Certain sports favor specific physical characteristics. Jockeys, for example, must be small and light while basketball centers must be tall and muscular. The 7-foot-1 Shaquille O’Neal couldn’t have been a jockey, nor could the 5-1 Laffit Pincay have played center in the NBA. The best golfers must have excellent hand-eye coordination, but beyond that there is no one ideal golfing physique.
The 6-foot-2 Tiger Woods weighed 155 pounds when he turned pro in 1996. He says a lack of strength was a major disadvantage at that time because, for example, he had to swing too hard on some wedge shots, at the expense of controlling the ball’s spin. With a workout routine that included weightlifting he added 30 pounds and became one of the tour’s most athletic players. He says he wouldn’t have been able to play his well-known 2-iron “stinger” shot if he hadn’t strengthened his wrists and forearms.
As of 2012, John Daly’s PGA Tour profile lists him at 5-feet-11 and 185 pounds. For much of his career, however, his weight was at or close to 300 pounds. Despite a less than athletic-looking physique, Daly earned five tour victories between 1991 and 2004, including the 1991 PGA Championship and the 1995 British Open. Daly’s main asset was power off the tee, and he often led the PGA Tour in driving distance. His 2009 surgery, which helped him lose 115 pounds, didn’t affect his driving ability. In 2011, at age 45, he still ranked eighth among tour golfers in driving distance, averaging 305 yards off the tee.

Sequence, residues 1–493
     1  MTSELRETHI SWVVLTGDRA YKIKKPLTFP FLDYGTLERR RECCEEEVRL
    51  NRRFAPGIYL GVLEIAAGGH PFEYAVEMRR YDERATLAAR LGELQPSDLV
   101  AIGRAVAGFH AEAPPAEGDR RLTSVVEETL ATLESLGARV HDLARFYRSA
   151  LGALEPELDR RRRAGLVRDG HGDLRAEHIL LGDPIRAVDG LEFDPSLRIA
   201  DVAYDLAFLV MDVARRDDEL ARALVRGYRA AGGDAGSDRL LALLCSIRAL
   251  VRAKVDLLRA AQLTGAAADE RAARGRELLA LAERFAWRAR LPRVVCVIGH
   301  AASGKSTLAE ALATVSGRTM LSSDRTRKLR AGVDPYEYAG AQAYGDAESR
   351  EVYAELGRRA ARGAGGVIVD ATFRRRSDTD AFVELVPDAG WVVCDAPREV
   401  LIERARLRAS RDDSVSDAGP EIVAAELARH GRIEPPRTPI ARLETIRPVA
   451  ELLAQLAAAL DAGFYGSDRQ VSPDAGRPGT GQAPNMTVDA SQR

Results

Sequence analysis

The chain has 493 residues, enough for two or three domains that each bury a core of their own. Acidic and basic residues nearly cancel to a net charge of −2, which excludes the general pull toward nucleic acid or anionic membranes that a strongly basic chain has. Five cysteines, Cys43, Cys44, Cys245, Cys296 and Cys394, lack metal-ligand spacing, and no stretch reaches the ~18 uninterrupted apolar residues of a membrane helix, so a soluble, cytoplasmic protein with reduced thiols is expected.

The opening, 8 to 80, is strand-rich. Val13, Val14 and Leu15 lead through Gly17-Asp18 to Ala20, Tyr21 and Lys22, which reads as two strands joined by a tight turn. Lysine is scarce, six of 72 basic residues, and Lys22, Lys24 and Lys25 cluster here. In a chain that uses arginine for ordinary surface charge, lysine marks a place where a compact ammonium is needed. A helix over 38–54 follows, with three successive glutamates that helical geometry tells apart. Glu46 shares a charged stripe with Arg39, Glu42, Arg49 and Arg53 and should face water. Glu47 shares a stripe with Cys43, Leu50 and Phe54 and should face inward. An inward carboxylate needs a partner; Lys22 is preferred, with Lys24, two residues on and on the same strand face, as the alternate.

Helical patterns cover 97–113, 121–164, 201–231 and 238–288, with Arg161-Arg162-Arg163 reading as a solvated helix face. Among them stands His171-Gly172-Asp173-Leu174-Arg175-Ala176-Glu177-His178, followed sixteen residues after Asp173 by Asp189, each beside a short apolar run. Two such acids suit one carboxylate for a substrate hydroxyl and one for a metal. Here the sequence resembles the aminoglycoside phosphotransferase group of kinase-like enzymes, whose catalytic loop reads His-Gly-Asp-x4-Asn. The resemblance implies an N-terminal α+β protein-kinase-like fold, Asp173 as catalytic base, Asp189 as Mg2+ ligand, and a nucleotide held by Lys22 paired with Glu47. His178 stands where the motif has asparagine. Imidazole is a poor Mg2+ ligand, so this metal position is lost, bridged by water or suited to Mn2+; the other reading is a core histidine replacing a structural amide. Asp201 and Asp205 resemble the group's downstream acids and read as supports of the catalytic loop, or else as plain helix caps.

As of 2012, the PGA Tour is trending toward taller, more athletic players, according to Augusta.com. For example, the site notes that about 25 percent of the 2011 Masters field stood at least 6-foot-2, topped by the 6-5 Robert Karlsson. “The sport has changed,” Woods said in 2011. “Guys are bigger and faster.” The 6-1, 200-pound Gary Woodland was voted the most athletic golfer on the tour in 2011, according to a “Golf Digest” poll.
Rory McIlroy was a good PGA Tour golfer in 2010, but he rose to No. 1 in the world by 2012, in part by reshaping his body. McIlroy ate healthier and began a weightlifting regimen that featured plenty of lower body work. The 5-foot-10 Irishman remained at 160 pounds, but he added muscle while reducing his body fat to 16 percent. The physical upgrade allowed McIlroy to swing easier, even as -- from 2009 to 2011 -- his average driving distance improved from 305.2 yards to 307.2 while his driving accuracy improved from 56.2 percent to 60.29 percent.